CHARLESTON, SC (AP/WCSC) - Democrat Hillary Clinton saw decisive victory over Bernie Sanders in Saturday's South Carolina Democratic primary, giving her a boost of confidence ahead of Super Tuesday.
With 100 percent of precincts reporting, 73 percent of voters chose Clinton. Sanders garnered 26 percent of the vote.
Willie Wilson had 1,321 votes, making up for less than one percent. Former Maryland Gov. Martin O'Malley, who suspended his campaign on Feb. 1, was still listed on the ballot and pulled in 714 votes.
Clinton, Sanders and Wilson were competing for the 53 delegates in the Palmetto State. Clinton scored 39 delegates, while Sanders won 14.
"I am so greatly appreciative," Clinton said speaking to supporters in Columbia. "Because today you sent a message. In America, when we stand together, there is no barrier too big to break. We've now gone through four early states, and I want to congratulate Sen. Sanders on running a great race, and tomorrow, this campaign goes national."
Clinton said her campaign would compete for every vote in every state without taking anything or anyone for granted.
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"This campaign and this victory tonight is for the parents and teachers in rural South Carolina," Clinton said. "They showed me crumbling classrooms in communities too long neglected. We're going to work together to give our children the education they need and deserve here in South Carolina and across America. This campaign and our victory is for the entrepreneur, who told me more dreams die in the parking lots of banks than anywhere else, and that's especially true for women and people of color. So we're going to work together to give people, particularly young people, the tools you need to start that small business you've been dreaming of. And this campaign and our victory is for the reverend, a presiding elder of the AME church, who looked at all the violence and division in our country and asked me the other night, 'How, how are we ever going to strengthen the bonds of family and community again?' Well we're going to start by working together, with more love and kindness in our hearts and more respect for each other even when we disagree. Despite what you hear, we don't need to make America great again, America has never stopped being great. But we do need to make America whole again. Instead of building walls, we need to be tearing down barriers."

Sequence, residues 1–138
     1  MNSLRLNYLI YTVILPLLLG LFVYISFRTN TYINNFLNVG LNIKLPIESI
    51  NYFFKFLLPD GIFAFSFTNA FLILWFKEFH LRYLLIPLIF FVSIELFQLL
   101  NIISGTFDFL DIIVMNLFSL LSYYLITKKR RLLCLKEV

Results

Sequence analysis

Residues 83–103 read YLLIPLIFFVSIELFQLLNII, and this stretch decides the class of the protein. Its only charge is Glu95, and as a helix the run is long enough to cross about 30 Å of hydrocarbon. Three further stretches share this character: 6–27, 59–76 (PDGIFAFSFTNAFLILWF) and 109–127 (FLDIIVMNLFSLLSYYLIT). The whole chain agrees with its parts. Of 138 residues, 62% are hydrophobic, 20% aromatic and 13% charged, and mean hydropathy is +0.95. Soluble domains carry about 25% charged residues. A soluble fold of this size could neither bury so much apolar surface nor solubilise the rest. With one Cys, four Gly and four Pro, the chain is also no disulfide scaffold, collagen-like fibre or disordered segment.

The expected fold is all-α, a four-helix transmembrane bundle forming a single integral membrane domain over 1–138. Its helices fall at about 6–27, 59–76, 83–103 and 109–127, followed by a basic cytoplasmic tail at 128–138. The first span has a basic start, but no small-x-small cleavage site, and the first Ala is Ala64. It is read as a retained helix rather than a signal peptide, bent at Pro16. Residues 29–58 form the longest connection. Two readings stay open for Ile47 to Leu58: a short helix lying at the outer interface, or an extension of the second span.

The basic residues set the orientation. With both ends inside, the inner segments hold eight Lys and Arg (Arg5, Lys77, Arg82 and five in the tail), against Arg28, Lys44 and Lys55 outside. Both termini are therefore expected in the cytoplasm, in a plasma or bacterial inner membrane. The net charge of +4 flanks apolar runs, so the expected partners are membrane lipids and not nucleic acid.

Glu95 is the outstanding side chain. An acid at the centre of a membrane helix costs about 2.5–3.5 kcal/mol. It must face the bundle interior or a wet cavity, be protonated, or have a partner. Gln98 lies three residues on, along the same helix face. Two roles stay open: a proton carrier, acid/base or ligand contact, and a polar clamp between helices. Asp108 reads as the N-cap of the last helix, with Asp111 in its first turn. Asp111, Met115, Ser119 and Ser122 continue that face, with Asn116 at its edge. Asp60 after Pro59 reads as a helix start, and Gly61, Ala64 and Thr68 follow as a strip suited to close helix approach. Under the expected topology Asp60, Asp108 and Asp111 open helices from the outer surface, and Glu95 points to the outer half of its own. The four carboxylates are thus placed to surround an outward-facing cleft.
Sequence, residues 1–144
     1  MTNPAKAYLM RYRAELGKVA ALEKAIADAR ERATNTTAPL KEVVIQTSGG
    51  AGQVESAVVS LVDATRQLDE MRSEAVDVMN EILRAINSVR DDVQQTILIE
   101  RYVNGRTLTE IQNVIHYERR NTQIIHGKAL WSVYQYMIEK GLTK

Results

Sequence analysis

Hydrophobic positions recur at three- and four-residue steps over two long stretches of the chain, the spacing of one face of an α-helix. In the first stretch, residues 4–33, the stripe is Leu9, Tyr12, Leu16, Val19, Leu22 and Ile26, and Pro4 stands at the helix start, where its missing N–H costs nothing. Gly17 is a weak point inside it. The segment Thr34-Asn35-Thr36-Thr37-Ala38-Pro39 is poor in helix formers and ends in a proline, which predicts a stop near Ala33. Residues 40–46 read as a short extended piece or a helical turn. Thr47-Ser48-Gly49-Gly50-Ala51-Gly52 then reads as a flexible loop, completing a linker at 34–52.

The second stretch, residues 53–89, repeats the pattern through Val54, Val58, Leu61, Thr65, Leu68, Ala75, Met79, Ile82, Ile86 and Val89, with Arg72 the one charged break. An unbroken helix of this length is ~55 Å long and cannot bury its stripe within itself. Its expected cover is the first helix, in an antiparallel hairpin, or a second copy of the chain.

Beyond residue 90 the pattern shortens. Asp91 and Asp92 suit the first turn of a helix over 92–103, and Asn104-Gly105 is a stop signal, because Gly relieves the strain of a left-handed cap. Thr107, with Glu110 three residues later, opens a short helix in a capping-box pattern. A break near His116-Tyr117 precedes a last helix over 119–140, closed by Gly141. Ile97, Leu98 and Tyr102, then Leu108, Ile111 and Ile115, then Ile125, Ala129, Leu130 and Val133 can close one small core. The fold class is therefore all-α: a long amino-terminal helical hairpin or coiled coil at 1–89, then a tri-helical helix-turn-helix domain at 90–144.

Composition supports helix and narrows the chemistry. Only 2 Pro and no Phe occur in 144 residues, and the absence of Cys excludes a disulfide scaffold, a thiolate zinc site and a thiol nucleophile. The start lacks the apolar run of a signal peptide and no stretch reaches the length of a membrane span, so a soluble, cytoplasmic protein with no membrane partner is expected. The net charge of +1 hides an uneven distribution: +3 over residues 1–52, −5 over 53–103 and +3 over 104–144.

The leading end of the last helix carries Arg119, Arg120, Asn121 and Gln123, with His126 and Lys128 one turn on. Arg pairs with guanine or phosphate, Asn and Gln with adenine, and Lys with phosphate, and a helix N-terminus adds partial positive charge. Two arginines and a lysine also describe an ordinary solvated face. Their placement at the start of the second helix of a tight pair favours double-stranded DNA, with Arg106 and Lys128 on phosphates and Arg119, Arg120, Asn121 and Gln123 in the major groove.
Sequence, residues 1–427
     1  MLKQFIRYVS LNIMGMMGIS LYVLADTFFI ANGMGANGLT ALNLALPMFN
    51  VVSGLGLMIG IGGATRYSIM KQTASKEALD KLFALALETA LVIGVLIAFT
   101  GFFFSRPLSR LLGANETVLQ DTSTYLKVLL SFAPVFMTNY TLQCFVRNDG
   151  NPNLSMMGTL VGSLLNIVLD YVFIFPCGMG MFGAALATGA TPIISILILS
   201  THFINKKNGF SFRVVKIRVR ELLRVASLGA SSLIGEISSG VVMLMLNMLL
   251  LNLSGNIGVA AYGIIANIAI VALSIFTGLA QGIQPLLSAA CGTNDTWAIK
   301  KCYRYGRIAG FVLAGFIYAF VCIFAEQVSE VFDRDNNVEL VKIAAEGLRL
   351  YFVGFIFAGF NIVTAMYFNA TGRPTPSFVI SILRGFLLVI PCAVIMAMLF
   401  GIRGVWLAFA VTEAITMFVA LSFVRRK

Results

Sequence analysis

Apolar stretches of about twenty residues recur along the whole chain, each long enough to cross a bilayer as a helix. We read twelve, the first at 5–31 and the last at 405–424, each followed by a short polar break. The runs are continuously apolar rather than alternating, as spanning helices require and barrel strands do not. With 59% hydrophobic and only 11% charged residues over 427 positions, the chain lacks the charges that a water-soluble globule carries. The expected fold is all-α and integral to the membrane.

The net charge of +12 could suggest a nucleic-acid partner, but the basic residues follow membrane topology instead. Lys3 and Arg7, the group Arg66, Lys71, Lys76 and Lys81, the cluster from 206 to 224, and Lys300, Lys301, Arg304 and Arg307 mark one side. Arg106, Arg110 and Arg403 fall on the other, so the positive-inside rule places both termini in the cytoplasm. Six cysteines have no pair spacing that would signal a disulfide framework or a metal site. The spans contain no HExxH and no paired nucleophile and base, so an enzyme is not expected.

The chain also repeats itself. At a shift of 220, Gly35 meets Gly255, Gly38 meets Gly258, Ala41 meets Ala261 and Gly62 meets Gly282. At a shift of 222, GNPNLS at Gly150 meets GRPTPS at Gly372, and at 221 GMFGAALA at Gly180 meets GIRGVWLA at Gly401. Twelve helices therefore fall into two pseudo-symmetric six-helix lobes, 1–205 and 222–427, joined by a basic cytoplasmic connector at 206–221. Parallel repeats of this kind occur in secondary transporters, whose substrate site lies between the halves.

Sanders, who campaigned out of the state Saturday, emailed a note of congratulations to Clinton on her projected win shortly after polls closed. In the email, Sanders thanked those in South Carolina who stood behind him.
"Let me be clear on one thing tonight," Sanders wrote in the email. "This campaign is just beginning. We won a decisive victory in New Hampshire. She won a decisive victory in South Carolina. Now it's on to Super Tuesday."
Earlier in the day, State Election Commission spokesman Chris Whitmire told the Associated Press turnout appears to be lighter in 2016.
Turnout was large in one area. Whitmire says 54,000 absentee ballots were cast in this primary, compared to 35,000 in the last Democratic presidential primary in 2008.
But Whitmire says that doesn't mean a record overall turnout, because the number of absentee votes cast in all South Carolina elections has been increasing rapidly in recent years.
He says precincts have reported fewer problems Saturday than in the Republican presidential primary a week ago.
Black voters may make up an even bigger share of the electorate in the South Carolina Democratic primary than they did in 2008, when Barack Obama was running. Early exit polls in the contest Saturday suggest about 6 in 10 voters are black.
State Democratic leaders say that between 350,000 and 400,000 voters may go to the polls. Last week, a record 740,000 voters cast ballots in the six-way GOP primary in the state.
Next on the campaign trail: Alabama, Arkansas, Colorado, Georgia, Massachusetts, Minnesota, North Carolina, Oklahoma, Tennessee, Texas, Vermont, Virginia, Wyoming and American Samoa will hold their primaries on Tuesday.